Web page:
We do not have a creed. Instead we covenant with each other to affirm and promote 8 Principles. We add principles periodically. In 1985, after two to three years of discussion and exploration, we added the 7th Principle: “We covenant to affirm and promote the interconnected web of all existence of which we are a part.”

That principle motivates me to civil disobedience.

So, let’s look at it: the interconnected web of all existence of which we are a part … That means interconnections of the plants and animals of the planet. Inter being of plants and animals, and us, the climate, the heat, the cold. Inter-dependence when we think about the distribution of water, the balance of gases in the atmosphere, the pull of gravity of the moon and the planets, the distribution of metals in the stars…the interconnected web of all existence of which we are a part.

And it goes both ways – this is an interconnected web. The collective health of all the plants and animals on earth is affected by humanity, their activities, their appearance and disappearance. Will the stars miss us – not so much! But if we change our activities, the air and the waters will slowly change. We already have plenty of evidence that species will repopulate protected natural preserves. There is real hope in that.

Other motivating values: I treasure a life out-of-doors. All my life, from earliest childhood, I have been active out of doors, hiking, climbing, back packing, skiing, berry picking, sailing, paddling, and all close to home on the North Shore, all part of what my family did. I was so blessed. I have kept up most of these activities into my old age.

When I became too old to take arduous week long kayak trips, I continued to paddle in Indian Arm, day trips, along the shores, slowly, pausing to just sit, with my paddle resting across my boat, to listen, to feel the rise and fall of the water under and around me, lifting me quietly, gently. It was the familiar feeling of being rocked in the arms of a beloved, and it is the peace I sometimes, rarely, achieve in meditation. When I recognized that, I knew I had to protect those waters. I had to line up with those already active protecting the inlet, from the destruction of inevitable oil spills.

That was when I started to become active, attending National Energy Board hearings, writing letters, attending rallies, meeting with my MP. There was a growing rage in me, which did not improve my life. I discovered the Prayer Circle, in 2019 and it offered a much needed respite from anger, and a way to be active, peacefully.

Other Motivations: I am blessed with good health. My good health may be part of my privilege, that I always had clean water, good food, good
education, parents who taught me to live large parts of my life out of doors in the mountains and on the water.

Perhaps my good health is privileged, and privilege going back several generations…Perhaps it is a genetic gift. Other tendencies may be genetic too, the tendency to work for the good of my larger community runs in the family.

Let me explain.

My grandfather, a Montreal surgeon, decided at age 53, in 1914, to move his family to England, so he could join the British Medical Corps. He served out World War I in France, Belgium and England doing army surgery and then returned to Montreal.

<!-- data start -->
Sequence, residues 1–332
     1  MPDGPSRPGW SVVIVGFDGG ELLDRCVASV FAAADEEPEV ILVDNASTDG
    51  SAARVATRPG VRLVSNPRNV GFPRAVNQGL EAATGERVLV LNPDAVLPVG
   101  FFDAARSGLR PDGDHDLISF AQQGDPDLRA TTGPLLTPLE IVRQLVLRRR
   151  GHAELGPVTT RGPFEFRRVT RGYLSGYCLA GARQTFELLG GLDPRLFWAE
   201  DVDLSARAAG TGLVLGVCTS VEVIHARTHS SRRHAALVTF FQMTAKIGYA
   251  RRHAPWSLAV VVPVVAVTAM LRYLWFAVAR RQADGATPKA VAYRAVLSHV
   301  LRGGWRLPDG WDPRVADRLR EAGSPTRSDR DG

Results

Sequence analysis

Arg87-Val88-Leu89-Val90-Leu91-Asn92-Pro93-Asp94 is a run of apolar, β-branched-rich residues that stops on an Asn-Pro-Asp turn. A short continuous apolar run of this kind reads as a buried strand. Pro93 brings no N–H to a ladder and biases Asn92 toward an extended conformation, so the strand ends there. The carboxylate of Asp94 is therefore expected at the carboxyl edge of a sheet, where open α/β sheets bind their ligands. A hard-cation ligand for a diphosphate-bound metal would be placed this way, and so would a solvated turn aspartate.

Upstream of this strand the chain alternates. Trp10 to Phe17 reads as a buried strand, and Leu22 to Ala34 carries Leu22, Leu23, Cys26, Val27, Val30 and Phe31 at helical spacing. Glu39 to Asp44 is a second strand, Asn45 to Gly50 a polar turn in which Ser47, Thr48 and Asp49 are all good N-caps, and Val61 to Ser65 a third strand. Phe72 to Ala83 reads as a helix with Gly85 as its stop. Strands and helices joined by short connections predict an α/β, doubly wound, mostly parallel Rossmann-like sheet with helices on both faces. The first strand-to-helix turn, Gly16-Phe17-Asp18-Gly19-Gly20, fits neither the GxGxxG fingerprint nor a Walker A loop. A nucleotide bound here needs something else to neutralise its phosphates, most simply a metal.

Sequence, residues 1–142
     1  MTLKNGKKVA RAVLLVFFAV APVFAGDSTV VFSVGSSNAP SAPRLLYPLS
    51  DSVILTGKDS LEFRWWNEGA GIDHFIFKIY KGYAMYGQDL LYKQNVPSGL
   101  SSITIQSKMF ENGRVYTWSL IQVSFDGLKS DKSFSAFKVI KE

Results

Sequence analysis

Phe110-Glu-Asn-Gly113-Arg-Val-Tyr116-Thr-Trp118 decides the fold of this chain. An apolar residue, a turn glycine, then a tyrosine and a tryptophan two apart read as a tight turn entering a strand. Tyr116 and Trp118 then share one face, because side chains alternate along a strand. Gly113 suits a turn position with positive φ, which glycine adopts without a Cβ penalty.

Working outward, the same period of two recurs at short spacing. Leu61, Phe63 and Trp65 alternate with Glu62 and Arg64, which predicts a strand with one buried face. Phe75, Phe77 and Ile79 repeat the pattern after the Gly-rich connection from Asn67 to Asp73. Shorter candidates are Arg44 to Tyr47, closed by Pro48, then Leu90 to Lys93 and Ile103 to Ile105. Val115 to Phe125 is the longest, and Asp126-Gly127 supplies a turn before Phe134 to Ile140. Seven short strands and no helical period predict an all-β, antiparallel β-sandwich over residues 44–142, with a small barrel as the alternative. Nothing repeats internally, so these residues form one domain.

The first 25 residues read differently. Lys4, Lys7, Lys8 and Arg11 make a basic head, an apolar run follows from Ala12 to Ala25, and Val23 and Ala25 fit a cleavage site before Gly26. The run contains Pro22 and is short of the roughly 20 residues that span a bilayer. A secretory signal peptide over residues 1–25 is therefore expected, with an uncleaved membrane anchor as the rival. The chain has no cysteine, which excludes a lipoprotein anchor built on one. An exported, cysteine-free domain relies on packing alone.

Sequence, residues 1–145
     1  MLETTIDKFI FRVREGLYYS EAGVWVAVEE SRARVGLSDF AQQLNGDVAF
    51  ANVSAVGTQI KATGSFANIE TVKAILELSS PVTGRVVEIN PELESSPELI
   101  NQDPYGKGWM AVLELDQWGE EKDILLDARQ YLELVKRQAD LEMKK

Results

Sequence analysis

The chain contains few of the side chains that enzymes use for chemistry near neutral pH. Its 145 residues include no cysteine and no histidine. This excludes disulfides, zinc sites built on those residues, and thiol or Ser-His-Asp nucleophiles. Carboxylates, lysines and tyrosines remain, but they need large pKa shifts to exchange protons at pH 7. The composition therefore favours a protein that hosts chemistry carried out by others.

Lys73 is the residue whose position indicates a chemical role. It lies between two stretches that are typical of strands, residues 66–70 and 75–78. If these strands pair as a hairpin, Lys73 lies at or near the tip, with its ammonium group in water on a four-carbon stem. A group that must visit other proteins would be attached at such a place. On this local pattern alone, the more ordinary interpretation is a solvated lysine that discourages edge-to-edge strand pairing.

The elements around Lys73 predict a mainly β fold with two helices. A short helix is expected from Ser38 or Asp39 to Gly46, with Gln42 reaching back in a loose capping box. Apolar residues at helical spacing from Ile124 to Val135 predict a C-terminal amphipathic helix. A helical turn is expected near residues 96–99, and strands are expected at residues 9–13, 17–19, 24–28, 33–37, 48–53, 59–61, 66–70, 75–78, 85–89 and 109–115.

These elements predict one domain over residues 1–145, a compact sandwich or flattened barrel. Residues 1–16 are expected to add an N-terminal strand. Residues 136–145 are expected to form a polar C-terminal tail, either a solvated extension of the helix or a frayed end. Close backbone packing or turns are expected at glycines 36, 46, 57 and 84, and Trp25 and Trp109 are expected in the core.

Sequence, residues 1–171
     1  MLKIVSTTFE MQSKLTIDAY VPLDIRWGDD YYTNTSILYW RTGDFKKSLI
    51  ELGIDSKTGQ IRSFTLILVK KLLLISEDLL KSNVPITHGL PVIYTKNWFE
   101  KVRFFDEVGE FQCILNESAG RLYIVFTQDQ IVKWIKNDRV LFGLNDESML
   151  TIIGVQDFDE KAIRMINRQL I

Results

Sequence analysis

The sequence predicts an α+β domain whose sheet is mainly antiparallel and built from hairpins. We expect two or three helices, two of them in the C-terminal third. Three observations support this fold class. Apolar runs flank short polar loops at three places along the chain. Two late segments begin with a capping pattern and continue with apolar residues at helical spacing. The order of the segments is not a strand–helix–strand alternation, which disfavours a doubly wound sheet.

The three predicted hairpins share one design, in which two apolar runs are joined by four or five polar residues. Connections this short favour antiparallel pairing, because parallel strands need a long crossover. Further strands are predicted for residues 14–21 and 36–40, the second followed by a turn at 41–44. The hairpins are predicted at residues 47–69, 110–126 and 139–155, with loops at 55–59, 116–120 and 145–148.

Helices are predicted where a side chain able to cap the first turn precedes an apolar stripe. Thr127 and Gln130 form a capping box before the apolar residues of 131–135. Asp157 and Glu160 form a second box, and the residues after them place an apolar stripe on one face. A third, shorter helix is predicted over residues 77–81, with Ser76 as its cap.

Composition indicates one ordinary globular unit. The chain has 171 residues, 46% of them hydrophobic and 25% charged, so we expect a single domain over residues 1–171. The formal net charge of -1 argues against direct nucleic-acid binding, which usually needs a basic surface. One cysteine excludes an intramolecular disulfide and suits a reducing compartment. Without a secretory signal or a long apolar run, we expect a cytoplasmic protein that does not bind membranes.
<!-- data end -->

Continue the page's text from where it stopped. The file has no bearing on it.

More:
My father, in 1939, joined the Royal Canadian Navy Volunteer Reserve, at age 39. He served on corvettes across the Atlantic for the duration of World War II.

Neither my grandfather nor my father knew, when they decided to stand up for the good of their communities, what would be the outcome of those conflicts. They didn’t know which side would win.

I have known for years the short-term consequence of standing up against this pipeline. I will serve my time, without complaint. However, I don’t know what will be the long-term outcome of my standing up for the safety of my community, for the benefit of my children and my grandchildren. I will not live to see the results. I am doing it anyway. I believe I am on the right side of history.

I am healthy, I have no job to lose, no fear of being blacklisted, I have no ambitions to travel internationally. I am a mother and a grandmother. I am painfully aware of the inevitable climate changes that lie ahead.

Considering all that, and my values, I would be ashamed, on my death bed, if I had spent the last years of my life sitting on the sidelines, closing my eyes, merely amusing myself, and doing nothing to stop this monstrous pipeline expansion pouring carbon into the Earth’s atmosphere.

I do this peacefully, non-violently, and full heartedly.

Courthouse solidarity and Women’s Memorial March: Vancouver Unitarians take action

​U​CV ​members were out in numbers to support two downtown events on Monday.

Catherine Hembling at the Courthouse

At 9am we gathered under our banner with a crowd over 300 strong, on the steps of the courthouse to support the brave Brunette Six who were to appear before a judge for sentencing. The Six planned to plead guilty to breaking the TMX injunction and take whatever jail sentence would be meted out. 

​Led by Earle Peach, we​ sang uplifting songs, chanted our anger and resolve to keep up the fight against the oil and gas industry. On the steps, the Brunette Six read out parts of their court statements which expressed their love and concern for the environment and the future of future generations. One of the Six, Zane Haq gave an impassioned speech calling for more people to stand up because it was only when a mass of people get arrested that the government will change.

An overflow room was set up so people could listen in on the courtroom proceedings. Elizabeth posted at 3pm that Judge Fitzpatrick sentenced Jeannette, Ruth and Catherine to 14 days in prison. The other 3 would be sentenced on Tuesday.